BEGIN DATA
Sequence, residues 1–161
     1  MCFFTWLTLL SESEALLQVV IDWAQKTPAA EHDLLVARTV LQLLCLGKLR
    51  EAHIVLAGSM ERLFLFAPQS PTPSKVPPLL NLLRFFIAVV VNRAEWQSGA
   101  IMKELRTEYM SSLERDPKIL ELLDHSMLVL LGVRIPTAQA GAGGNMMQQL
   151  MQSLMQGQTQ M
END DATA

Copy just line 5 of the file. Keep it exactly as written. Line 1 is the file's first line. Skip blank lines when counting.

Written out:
   151  MQSLMQGQTQ M